GSIA awaits enforcement of legal framework to stimulate trading on GCX

Mr. Ankrah (standing), explaining a point to Brokers during his presentation at the  sensitisation programme.

Mr. Ankrah (standing), explaining a point to Brokers during his presentation at the
sensitisation programme.

Members of the Ghana Securities Industries Association (GSIA) have indicated their aspiration to see the full enforcement of a robust regulatory and legal framework that will stimulate trading and participation of all market actors on the National Commodity Exchange (GCX) when it becomes operational.

This was made known when the GCX Project team met with members of GSIA, the umbrella body for brokerage firms in the country in a one-day awareness and sensitisation programme held at the Ministry of Trade and Industry in Accra.

The event was to update stakeholders in the commodity value chain of the status of the operations of the project.

The sensitisation programme was to share information on the membership structure and recruitment design and opportunities open to market actors when GCX becomes operational.

Leading discussions at the sensitisation programme, the Acting Project Director, Mr. Robert Dowuona Owoo thanked the brokers for their participation explaining that the objective of the GCX was to transform the lives of Ghanaians in general and those who participated in the agriculture value chain in particular.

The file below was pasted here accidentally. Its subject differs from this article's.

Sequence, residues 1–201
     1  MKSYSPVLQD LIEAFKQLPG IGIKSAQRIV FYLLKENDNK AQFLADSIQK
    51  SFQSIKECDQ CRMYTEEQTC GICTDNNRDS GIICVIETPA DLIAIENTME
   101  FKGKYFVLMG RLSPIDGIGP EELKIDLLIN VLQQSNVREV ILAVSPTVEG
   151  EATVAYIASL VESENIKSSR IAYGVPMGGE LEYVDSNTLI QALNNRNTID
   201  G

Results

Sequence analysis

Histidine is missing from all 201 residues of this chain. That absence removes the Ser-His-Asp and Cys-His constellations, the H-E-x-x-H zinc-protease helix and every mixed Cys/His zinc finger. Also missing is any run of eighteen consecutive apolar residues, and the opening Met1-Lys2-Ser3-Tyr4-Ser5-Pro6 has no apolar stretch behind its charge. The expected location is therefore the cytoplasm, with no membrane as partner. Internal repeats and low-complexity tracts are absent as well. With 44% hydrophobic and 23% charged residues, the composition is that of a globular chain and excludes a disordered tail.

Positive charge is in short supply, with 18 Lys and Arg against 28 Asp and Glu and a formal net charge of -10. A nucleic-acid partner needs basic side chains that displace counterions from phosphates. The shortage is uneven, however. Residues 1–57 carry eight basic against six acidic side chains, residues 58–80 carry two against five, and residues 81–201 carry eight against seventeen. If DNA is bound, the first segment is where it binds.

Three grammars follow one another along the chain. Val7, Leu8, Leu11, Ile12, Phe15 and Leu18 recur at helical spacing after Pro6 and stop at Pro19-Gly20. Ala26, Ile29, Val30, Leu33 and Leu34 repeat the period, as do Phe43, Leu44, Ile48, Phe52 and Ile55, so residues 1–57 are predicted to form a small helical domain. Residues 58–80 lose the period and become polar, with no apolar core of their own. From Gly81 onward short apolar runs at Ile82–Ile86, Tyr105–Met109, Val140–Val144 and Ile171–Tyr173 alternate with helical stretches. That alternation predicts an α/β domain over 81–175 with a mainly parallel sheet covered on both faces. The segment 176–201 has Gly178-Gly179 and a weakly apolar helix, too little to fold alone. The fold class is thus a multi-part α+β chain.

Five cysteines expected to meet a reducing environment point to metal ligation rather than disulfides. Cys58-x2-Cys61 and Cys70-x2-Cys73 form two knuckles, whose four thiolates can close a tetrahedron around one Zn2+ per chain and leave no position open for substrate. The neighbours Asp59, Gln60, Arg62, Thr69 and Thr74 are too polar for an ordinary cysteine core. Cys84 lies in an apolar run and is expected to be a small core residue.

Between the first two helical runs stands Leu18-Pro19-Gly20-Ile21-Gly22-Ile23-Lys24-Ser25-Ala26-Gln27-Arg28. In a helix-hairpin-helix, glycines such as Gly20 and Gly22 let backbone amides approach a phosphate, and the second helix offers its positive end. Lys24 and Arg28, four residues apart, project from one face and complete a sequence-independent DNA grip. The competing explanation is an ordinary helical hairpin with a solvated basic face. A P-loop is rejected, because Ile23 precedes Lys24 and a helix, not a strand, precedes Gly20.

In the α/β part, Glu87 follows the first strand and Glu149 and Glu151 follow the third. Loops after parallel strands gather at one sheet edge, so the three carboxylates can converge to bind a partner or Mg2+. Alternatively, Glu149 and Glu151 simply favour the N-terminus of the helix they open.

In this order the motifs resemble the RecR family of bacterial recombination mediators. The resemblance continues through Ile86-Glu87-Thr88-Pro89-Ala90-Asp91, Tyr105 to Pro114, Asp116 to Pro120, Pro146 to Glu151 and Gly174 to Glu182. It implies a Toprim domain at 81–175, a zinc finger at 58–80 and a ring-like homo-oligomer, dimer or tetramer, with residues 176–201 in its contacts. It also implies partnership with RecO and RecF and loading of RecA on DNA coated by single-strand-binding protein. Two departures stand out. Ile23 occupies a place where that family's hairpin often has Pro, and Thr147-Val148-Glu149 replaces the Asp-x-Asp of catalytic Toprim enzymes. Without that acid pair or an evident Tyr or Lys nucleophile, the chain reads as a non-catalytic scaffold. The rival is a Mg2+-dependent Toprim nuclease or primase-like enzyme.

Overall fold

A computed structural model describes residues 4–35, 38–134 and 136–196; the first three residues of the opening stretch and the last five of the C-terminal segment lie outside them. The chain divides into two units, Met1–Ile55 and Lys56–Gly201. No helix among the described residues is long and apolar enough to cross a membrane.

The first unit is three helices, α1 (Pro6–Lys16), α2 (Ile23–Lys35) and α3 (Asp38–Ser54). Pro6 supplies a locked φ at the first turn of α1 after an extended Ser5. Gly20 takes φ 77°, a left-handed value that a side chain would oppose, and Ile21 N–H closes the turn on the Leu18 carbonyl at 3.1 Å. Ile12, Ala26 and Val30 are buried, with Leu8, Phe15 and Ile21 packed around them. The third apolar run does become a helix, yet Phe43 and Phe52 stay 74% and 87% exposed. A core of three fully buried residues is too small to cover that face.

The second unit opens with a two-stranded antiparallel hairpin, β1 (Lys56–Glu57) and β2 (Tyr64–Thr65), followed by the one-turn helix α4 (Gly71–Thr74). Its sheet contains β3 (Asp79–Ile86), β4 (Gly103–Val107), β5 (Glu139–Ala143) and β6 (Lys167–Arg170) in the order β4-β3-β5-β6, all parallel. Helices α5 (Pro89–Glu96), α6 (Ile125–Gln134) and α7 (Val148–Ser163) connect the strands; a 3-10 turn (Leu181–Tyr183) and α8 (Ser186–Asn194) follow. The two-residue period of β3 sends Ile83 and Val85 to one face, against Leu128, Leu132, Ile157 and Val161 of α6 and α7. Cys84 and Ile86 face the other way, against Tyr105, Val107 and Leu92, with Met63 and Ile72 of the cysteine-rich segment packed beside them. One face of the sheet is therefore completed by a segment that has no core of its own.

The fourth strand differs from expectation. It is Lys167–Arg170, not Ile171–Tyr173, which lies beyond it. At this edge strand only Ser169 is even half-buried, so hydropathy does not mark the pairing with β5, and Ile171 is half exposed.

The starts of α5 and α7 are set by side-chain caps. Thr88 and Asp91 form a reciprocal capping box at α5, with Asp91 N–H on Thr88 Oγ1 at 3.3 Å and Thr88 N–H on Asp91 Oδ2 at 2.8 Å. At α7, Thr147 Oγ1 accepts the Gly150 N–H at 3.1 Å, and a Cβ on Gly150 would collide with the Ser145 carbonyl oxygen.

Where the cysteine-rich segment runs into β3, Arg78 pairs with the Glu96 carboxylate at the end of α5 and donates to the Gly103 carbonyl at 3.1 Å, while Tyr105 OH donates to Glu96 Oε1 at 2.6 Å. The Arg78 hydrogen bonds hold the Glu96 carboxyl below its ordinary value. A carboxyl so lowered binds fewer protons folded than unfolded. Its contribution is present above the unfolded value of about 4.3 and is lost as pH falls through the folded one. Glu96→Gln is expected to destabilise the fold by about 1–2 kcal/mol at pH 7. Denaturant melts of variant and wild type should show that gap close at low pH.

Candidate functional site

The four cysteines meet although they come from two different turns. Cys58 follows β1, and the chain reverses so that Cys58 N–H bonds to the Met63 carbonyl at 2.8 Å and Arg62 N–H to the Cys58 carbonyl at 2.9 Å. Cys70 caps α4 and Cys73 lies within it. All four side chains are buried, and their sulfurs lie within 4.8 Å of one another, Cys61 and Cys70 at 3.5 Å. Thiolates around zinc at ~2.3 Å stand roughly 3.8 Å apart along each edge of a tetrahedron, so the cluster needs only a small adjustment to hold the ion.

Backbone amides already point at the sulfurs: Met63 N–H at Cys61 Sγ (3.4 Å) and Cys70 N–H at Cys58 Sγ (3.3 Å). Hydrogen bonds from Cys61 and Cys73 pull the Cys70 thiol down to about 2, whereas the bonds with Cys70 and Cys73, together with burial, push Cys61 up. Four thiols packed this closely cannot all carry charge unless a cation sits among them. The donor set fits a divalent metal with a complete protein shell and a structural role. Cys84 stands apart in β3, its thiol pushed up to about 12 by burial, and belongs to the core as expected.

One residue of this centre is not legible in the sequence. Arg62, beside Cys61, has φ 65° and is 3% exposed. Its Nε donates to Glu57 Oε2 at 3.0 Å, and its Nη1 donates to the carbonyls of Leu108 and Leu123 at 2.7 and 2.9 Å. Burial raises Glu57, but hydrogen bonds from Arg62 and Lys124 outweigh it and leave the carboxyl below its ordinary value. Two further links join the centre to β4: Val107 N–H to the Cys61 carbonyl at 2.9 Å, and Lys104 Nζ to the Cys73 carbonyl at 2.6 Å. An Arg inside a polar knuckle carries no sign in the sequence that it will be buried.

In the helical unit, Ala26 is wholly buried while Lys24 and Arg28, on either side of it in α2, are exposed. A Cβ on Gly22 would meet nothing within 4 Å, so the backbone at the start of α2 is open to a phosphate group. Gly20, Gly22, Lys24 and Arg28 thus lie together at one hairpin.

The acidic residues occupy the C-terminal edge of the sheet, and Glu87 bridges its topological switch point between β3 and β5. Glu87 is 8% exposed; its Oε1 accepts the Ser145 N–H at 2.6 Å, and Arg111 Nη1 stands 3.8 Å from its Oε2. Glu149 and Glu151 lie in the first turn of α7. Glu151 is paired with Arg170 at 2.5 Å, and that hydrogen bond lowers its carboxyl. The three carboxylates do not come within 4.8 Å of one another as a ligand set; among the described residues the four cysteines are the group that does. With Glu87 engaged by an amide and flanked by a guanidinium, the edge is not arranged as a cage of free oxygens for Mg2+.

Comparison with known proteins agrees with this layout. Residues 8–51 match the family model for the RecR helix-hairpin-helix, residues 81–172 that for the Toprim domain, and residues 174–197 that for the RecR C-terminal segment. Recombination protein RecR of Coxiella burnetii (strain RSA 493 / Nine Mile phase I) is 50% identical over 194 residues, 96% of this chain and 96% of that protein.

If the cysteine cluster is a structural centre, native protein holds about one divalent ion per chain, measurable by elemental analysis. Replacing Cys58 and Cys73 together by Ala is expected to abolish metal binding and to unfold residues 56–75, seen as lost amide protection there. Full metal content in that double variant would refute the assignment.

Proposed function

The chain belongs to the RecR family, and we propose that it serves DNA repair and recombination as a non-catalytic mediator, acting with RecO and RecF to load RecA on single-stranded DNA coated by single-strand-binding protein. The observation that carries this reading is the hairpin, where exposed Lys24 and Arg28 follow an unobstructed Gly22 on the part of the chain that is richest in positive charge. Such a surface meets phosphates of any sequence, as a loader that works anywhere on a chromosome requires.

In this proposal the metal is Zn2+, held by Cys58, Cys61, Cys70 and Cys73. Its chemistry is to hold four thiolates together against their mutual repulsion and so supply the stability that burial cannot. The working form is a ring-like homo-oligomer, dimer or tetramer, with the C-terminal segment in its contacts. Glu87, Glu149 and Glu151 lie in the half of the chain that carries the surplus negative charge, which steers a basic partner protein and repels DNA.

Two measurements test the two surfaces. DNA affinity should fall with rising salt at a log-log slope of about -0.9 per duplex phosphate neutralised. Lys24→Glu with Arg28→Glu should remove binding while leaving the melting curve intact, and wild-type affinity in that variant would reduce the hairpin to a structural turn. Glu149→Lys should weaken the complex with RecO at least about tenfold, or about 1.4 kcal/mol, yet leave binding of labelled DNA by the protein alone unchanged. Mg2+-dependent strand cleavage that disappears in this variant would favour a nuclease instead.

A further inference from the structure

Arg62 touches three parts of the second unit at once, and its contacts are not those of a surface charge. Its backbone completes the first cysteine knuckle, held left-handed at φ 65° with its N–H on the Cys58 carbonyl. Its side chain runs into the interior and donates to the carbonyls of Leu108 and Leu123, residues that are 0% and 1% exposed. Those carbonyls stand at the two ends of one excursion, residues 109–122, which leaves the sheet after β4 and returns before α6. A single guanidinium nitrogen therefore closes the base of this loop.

He disclosed that a concept of partial mandating was being explored to ensure that the Exchange had the needed volumes so as to make trading attractive to members.

According to Mr. Owoo, the partial mandating concept would encourage sustained active participation of market actors on the Exchange.

The partial mandating concept would allow the Regulator from time to time to require that certain commodities or volumes of commodities be traded on an exchange.

This policy, if adopted, would also compel institutions that made purchases of huge volumes of all commodities of the quality that GCX will trade in the future, to be executed on the exchange through brokers.

Delivering a presentation on the membership structure and requirements design for the GCX, the Membership Manager of the GCX, Mr. Richard Ankrah explained that there were five categories of membership namely, institutional, trading, brokering, clearing and associate.

He clarified that the categorisation of the membership structure had been done to enable all market actors to participate in GCX activities through any category as part of the all-inclusiveness policy of the Exchange.

Mr. Ankrah elucidated that participation by brokerage firms on the Exchange would afford them the opportunity to increase their clientele in terms of access to aggregators, farmers, traders, processors while ensuring trade facilitation which would enable them to execute orders to buy or sell commodity contracts on behalf of clients and charging a commission.

He also hinted that becoming members also afforded an opportunity to own property rights to membership seats in the trading pit, which could increase in value over time thereby making it possible for broking members to also trade on their own accounts to make profits.

Mr. Ankrah also urged representatives of the brokerage firms to consider investment opportunities in other areas of the GCX eco-system.

By Times Reporter 

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